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UNITED STATES SIGNS TREATY TO FACILITATE CROSS-BORDER FINANCING OF LARGE COMMERCIAL AIRCRAFT AND AIRCRAFT ENGINES

Ex-Im Bank To Provide One-Third Reduction of Its Exposure Fee for Foreign Buyers in Countries Signing, Ratifying and Implementing Cape Town Convention

FOR IMMEDIATE RELEASE May 8, 2003

Media Contact Name/Phone: 

Linda Formella (202) 565-3200

U.S. Ambassador Tony P. Hall, on behalf of the United States government, today signed the Cape Town Convention, an international treaty that will facilitate cross-border, asset-based financing and leasing of large commercial aircraft and aircraft engines. The treaty and the accompanying Protocol on Matters Specific to Aircraft Equipment were signed at the headquarters of the International Institute for the Unification of Private Law (UNIDROIT) in Rome, Italy. Buyers in foreign countries that sign, ratify and implement the treaty will be eligible for lower-cost financing from the Export-Import Bank of the United States (Ex-Im Bank) for their purchases of U.S. large commercial aircraft.

By signing the Cape Town Convention, the United States has taken a significant step to encourage other countries to adopt the kind of legal framework that will enable airlines to access Ex-Im Bank financing for their U.S. aircraft purchases, said Ex-Im Bank Chairman Philip Merrill.


Previously, Ex-Im Bank adopted a plan to reduce its exposure fee by one-third on financing of U.S. large commercial aircraft for buyers in countries that sign, ratify and implement the Cape Town Convention. Eligible foreign buyers will receive an Ex-Im Bank exposure fee of as low as 2 percent, a one-third reduction of the current minimum 3 percent exposure fee on financings of large commercial aircraft.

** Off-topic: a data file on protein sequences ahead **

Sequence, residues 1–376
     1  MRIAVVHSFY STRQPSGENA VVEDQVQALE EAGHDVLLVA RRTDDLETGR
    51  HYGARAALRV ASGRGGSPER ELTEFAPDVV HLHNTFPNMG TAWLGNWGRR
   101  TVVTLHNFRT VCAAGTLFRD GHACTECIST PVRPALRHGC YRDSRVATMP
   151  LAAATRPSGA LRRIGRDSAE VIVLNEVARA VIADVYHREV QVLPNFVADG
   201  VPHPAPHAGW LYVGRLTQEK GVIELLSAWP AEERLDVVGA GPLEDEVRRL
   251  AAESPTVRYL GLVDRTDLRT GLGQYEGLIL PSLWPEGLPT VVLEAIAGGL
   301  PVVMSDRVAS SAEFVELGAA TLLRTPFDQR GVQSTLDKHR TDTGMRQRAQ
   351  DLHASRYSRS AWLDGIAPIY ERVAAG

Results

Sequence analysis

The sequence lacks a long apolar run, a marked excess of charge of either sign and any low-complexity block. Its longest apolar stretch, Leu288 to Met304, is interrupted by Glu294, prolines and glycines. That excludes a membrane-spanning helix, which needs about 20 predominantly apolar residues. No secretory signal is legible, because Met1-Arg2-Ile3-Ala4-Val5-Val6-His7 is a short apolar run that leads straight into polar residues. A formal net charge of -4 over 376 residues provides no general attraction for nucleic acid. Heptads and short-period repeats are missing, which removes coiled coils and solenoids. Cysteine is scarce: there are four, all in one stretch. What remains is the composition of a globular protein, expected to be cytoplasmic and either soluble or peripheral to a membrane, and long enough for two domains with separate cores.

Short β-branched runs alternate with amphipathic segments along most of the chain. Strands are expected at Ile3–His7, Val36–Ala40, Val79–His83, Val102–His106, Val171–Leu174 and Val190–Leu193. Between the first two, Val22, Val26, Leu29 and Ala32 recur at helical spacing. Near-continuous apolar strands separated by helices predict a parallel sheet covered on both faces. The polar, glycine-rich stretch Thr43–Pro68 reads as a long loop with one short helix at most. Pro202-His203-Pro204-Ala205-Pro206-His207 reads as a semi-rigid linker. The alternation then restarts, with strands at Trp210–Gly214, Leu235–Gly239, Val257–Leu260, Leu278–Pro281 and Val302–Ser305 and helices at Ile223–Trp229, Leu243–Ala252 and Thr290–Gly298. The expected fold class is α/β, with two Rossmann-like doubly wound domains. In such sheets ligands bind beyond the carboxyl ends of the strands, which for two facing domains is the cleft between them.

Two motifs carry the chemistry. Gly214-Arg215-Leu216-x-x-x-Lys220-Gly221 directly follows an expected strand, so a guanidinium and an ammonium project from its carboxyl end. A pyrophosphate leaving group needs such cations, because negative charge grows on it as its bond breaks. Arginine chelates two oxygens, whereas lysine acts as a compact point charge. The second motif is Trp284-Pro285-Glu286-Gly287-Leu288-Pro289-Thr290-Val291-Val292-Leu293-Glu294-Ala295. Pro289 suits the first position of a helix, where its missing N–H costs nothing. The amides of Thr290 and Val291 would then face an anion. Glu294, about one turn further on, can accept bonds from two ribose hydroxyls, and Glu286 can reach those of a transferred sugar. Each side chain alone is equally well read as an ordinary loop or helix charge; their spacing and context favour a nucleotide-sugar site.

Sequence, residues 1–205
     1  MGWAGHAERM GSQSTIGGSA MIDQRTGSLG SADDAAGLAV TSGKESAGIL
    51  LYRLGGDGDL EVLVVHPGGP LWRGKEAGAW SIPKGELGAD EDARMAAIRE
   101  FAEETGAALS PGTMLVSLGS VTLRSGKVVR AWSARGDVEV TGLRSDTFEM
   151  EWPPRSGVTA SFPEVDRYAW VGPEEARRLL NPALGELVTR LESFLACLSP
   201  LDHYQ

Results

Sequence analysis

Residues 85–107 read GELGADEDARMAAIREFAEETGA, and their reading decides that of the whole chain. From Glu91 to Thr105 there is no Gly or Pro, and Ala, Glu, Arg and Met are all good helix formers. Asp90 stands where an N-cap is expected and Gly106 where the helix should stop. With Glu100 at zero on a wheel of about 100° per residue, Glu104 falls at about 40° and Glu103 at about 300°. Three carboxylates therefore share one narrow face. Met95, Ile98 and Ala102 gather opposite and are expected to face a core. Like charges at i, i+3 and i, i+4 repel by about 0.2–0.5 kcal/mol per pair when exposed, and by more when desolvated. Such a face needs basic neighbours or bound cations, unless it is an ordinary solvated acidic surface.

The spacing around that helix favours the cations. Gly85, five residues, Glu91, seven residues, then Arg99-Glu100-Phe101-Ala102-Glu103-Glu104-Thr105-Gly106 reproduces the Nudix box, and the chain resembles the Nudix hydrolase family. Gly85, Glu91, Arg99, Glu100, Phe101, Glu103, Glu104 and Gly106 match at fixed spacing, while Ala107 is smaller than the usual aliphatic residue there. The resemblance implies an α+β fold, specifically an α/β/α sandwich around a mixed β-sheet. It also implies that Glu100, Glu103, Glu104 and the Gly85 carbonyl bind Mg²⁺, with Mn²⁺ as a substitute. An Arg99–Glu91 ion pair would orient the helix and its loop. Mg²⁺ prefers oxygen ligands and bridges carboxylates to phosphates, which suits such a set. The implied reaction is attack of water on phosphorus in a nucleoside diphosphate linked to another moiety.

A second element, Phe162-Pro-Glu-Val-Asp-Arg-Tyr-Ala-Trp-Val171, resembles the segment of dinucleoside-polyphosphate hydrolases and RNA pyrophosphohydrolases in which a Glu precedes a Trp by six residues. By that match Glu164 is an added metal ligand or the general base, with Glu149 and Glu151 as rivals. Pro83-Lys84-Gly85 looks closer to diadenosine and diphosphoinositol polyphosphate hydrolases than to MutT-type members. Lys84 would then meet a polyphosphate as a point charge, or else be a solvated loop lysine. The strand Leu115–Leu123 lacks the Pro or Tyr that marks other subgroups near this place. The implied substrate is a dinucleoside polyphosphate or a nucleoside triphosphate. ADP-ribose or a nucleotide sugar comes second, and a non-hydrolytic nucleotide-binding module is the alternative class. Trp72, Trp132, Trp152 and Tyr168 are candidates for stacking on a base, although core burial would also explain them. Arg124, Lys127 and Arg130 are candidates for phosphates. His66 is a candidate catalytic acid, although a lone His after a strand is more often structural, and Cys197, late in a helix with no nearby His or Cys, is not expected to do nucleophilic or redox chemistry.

Ex-Im Bank's reduced exposure fee plan is consistent with one of the recommendations made in the report of the President's Commission on the Future of the United States Aerospace Industry that recommends that U.S. and multilateral regulations and policies be reformed to facilitate the movement of products and capital across international borders on a fully competitive basis.

The Cape Town Convention, which was developed by an international diplomatic conference in November 2001, establishes a commercially oriented, comprehensive international legal framework to protect security and leasing interests in aircraft equipment. The treaty has been signed by 26 countries and will be in effect when eight countries ratify it. Ex-Im Bank will offer the one-third reduction of its exposure fee (in connection with approvals issued through September 30, 2004) to buyers in any foreign country that has signed, ratified and implemented the treaty (including certain optional provisions of the treaty).


Ex-Im Bank is the official U.S. export credit agency that helps finance the sales of U.S. exports, primarily to developing markets, by providing loans, guarantees and export credit insurance. In the past five years, Ex-Im Bank has supported the export of $18.5 billion of U.S. large commercial aircraft.